With such a love of dance, you might wonder why these girls chose not to pursue it in college. Lindsey Allen, who plans to take over her mother’s studio eventually, says, “I’ve always and still do want to be a teacher and take over the studio, but at the same time, I didn’t want to major in [dance] as well. I decided to take more classes geared toward business.”

Dick acknowledges the difficult choice she made. “In high school, I was extremely involved in dance and really interested in politics. So I went through a battle of deciding if I wanted to do dance or a career in politics.” Ultimately, she decided to major in political science and public policy rather than dance. But TACT kept her from feeling that she had to give up dancing altogether.

Both girls feel they have grown in their art as they’ve continued dancing past high school. “In high school, you kind of just go through the motions,” says Dick. “As you mature, you go through college and you change as a person. You’re able to change the way you look at dancing. It’s not just going to the studio and learning a routine. Now, it’s like more coming from you. Melinda allows us to put in our own two cents, and our own choreography, and mesh. And you’re able to build your passion through it.”

Her performance ability has grown as well, she says. “The stage is more like a home; it’s more natural, and you feel more connected with your audience as you mature.”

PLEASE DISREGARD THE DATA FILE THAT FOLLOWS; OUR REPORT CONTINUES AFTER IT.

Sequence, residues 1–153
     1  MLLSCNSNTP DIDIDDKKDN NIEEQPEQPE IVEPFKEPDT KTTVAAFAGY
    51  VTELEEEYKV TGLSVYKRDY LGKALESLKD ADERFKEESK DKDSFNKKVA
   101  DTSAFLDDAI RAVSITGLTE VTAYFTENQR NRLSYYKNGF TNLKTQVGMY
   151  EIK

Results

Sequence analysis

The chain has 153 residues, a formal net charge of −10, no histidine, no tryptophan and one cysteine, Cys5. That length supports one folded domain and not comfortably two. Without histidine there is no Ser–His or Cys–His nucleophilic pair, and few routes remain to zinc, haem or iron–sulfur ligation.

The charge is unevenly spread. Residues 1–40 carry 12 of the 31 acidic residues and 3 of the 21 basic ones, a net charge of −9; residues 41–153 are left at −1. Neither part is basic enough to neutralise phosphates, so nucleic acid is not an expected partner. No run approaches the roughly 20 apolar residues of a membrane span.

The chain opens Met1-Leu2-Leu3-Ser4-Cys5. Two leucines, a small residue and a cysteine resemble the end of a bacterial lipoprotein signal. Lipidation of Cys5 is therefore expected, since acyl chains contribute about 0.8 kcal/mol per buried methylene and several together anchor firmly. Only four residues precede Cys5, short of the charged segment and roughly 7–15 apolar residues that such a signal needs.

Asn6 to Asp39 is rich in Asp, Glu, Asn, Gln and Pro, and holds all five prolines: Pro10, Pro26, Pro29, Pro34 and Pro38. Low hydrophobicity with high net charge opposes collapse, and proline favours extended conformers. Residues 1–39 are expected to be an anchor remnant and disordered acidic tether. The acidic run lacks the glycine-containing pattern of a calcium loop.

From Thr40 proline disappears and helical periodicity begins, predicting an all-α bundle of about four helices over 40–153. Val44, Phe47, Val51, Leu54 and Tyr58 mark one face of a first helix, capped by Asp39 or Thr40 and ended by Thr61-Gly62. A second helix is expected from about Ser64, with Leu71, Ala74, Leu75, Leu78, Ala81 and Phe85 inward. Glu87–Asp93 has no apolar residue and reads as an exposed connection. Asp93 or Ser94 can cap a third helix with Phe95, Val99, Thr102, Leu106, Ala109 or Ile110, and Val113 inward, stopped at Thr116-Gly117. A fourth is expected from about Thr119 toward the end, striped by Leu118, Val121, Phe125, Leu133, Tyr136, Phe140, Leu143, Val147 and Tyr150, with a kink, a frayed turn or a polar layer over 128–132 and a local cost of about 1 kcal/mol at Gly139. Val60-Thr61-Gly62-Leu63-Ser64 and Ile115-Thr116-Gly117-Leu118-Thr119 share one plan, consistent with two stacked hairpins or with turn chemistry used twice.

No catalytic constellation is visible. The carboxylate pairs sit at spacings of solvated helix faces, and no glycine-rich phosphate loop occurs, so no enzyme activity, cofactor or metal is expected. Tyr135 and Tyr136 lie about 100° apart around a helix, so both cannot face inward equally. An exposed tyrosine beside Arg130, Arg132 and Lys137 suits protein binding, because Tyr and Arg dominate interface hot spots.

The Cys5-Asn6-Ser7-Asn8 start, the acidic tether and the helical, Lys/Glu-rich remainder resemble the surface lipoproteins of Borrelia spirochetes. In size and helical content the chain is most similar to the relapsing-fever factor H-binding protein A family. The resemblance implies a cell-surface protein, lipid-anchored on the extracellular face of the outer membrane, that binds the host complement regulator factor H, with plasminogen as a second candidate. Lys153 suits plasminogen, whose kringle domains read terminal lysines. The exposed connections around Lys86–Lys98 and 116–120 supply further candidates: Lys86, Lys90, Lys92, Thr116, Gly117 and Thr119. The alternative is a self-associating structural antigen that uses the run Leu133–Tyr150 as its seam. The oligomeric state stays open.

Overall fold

Lindsay Allen notes the change in her perspective just a few years out of high school, commenting on “how much different it is performing and dancing.”

For Melinda Allen and her staff, the chance to watch a group of students grow and deepen their love of dance beyond high school has proven deeply satisfying. “It’s nice having an older group; we feed off of each other,” she says. “They’ve put in a lot of input, even in their own choreography or ideas for their pieces. I have really enjoyed that aspect of it too.”

Studio partner and teacher Cricket Mannheimer says she’s delighted with the girls’ progress. “To watch them physically and emotionally grow and develop has just been overwhelming,” she says.

Such a unique offering must surely increase the visibility and appeal of Tallahassee Dance Academy. Allen does include TACT in her studio marketing, “letting people know it is something that we offer, because it’s something you don’t find at other studios,” she says. “And we try to market it at the college [FSU] too, so that the kids know that it’s available.”

Allen charges tuition for the class but no fees for membership in TACT, although the girls must cover the cost of their own travel. But, she says, “I try to do it the best I can for them, because you are dealing with college kids at this point. The money is coming straight from them. So it’s not like it’s some great business move for the studio; it’s more the passion of me wanting them to have the opportunity than anything else.”

Mannheimer agrees, saying, “It’s been so wonderful to see that dance is incorporated in such a big part of their life. This can be a part of your life like eating and breathing or going to school. It can continue; it has given a pathway for that to develop and keep going.”

Meanwhile, Dick is close to finishing her undergraduate degree. She still wants to go into politics and she still wants to keep dancing. “As I’m coming up to graduation, it’s getting a little scary,” she says. “I’m going to try to do both and see what happens in the next few years.”

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October 2014